Outside the typical scrapes, bruises, and cuts; bone and joint injuries are the most common to occur while in the wilderness. I remember when I was 14 years old, I tripped and fell while on a hike in the Catskills. As I fell I put my hand out and snapped my wrist. After splinting my arm, I had to hike out about three miles to the car. I broke my wrist, spent the rest of the summer in a cast and was back on the trail a week latter.
This story illustrates that a fall in the wild may have some serious medical issues associated with it. That is an in jury like I described could have some compilations that are associated with it. Infection, loss of mobility, and loss of the limb are all possibilities.
Evacuation vs. Not
As the medically trained individual with your group you need to take into consideration the need to evacuate the injured person. Is this going to be a hike out, call for rescue, call for helicopter, or can you continue your outing and monitor the victim.
All of these considerations need to be taken as you treat the victim and discuss the best treatment plan with your group. Now considering the Method Of Injury (MOI) this maybe an easy question to answer as far as the treatment goes. However if the MOI is not known such as a twisted ankle a few miles back and the victim cannot put his boots back on, now that takes a little more planning.
So after your initial assessment and you find no other injuries with the injured joint or bone then the ongoing assessment you need to take the following considerations. Treat all injuries as if they are broken. That is unless you have a portable X-ray with you, you will not know if it is a fracture or just a simple sprain, splint to current guidelines, and do no further harm.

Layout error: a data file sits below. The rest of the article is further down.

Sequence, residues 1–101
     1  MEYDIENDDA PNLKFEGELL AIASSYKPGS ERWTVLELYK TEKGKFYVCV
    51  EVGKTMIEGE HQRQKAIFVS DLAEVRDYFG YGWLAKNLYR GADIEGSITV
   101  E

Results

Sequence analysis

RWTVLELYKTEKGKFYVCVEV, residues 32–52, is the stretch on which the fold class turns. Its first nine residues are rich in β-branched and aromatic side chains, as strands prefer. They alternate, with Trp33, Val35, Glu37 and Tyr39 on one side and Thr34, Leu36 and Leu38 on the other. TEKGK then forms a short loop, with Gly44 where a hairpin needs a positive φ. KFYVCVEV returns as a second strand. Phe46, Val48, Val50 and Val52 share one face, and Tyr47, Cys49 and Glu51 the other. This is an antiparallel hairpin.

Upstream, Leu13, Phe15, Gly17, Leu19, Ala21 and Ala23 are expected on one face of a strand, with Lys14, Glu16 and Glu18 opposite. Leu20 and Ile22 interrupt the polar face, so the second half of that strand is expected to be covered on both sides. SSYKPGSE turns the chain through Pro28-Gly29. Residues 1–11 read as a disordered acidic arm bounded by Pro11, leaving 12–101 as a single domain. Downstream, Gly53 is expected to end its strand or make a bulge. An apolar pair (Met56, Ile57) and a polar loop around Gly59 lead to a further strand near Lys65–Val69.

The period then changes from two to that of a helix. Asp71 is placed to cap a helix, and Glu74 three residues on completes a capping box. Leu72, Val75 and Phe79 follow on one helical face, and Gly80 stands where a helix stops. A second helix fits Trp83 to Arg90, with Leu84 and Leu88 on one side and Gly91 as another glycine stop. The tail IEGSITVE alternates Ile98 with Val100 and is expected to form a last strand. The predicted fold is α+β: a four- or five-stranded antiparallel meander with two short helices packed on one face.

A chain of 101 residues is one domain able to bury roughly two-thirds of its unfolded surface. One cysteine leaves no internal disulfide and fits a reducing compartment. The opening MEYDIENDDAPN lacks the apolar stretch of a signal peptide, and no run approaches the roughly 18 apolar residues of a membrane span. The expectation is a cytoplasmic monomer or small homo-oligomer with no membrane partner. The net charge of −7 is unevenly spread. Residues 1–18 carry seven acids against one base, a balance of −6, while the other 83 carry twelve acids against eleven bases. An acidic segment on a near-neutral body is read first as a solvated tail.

There are basically two types of fractures: open and closed. With an open (or compound) fracture, the bone protrudes through the skin and complicates the actual fracture with an open wound. After setting the fracture, treat the wound as any other open wound.The closed fracture has no open wounds. Follow the guideline for immobilization, and set and splint the fracture.
The signs and symptoms of a fracture are pain, tenderness, discoloration, swelling deformity, loss of function, and grating (a sound or feeling that occurs when broken bone ends rub together).
The dangers with a fracture are the severing or the compression of a nerve or blood vessel at the site of fracture. For this reason minimum manipulation should be done, and only very cautiously. If you notice the area below the break becoming numb, swollen, cool to the touch, or turning pale, and the victim shows signs of shock, a major vessel may have been severed. You must control this internal bleeding. Rest the victim for shock, and replace lost fluids.
Traction without a Traction Splint is not recommended in the wilderness, however if this needs to be done for medical care of the victim I will give you a few examples of how to do this. Also it is never recommended to treat an open fracture with traction. This is because you will do more damage to the victim than help. Remember the first action of EMS is to do not further harm (yes I repeated that.)
Often you must maintain traction during the splinting and healing process. You can effectively pull smaller bones such as the arm or lower leg by hand. You can create traction by wedging a hand or foot in the V-notch of a tree and pushing against the tree with the other extremity. You can then splint the break.